Internet Identity Workshop (IIW): The past, present and future of open identity

IIW Internet Identity WorkshopGoing to IIW (Internet Identity Workshop) is like a homecoming for anyone at Janrain. In many ways it is the place of our birth. This is the chaotic place where the many diverse raw elements of the identity community swirl and come together to form the standards that allow for scientific progress, social awareness, government policy, and commercial interoperability.

While it’s always great to meet with our friends from the standards bodies such as the W3C and the IETF and work along side our counterparts from Microsoft, Google, Paypal, Salesforce and others, I enjoy the spirit of the entrepreneurs who see novel ways of leveraging academic concepts that might otherwise die on the vine. They  turn their ideas into products and successful businesses. But even that is eclipsed by the enthusiasm and passion brought by the university research groups that today see the advantages of looking at commercial viability along side public interest as a basic part of what it takes to get new standards adopted. Three cheers for cross-fertilization!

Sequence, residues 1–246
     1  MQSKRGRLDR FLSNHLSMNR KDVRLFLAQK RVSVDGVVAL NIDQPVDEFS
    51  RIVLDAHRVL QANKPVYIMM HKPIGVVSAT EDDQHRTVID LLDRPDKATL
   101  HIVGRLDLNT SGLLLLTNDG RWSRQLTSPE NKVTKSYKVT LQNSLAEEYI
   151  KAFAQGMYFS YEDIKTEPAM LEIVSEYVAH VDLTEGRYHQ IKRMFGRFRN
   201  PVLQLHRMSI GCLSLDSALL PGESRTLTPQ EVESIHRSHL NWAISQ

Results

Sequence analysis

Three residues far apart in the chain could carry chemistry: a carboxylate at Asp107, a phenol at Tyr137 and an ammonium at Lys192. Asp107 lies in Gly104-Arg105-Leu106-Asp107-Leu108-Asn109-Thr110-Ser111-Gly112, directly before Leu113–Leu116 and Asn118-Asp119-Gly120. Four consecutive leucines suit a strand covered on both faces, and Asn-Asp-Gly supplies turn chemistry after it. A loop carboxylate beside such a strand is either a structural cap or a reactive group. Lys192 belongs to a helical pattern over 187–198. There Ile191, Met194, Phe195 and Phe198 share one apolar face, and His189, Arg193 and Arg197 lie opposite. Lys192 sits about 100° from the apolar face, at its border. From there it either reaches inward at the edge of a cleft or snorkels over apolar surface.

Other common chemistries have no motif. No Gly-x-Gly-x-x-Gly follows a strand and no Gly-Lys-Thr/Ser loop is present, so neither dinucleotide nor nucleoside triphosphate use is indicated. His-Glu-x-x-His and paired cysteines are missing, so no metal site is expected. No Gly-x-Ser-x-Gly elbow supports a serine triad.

Historically one of goals of IIW was always to look at the social impact of technology and find ways to protect individual users privacy while enabling organizations to verify their identities with appropriate levels of assurance for work, play and government interactions as we have seen form the succession of standards that emerged over the past decade; OpenID, OAuth 1.0, OAuth 2.0.

Presently we see the fast and wide adoption of OAuth 2.0 as a standard. This is likely due to the trifecta of greater security, new features that allow users to cherry pick which permissions to grant, combined with an ease of implementation that harkens back to OpenID. Identity providers such as Facebook, Google, Microsoft and have all made announcements this year heralding their support for the standard. We at Janrain have been supporting OAuth 2.0 identities since its earliest drafts and primitive commercial implementations in our role as facilitators and enablers of the commercial use of identity standards to benefit consumers the organizations with which they interact.

Futures are being imagined and built that extend the new user centered view and incorporate learning from the social networking phenomenon to provide standard tools that enable users to manage all of the individual pieces of their identity. Questions are being answered on how government can learn from and leverage commercial success. Please come play with us if you are interested in learning or partnering with us as we help design the future together.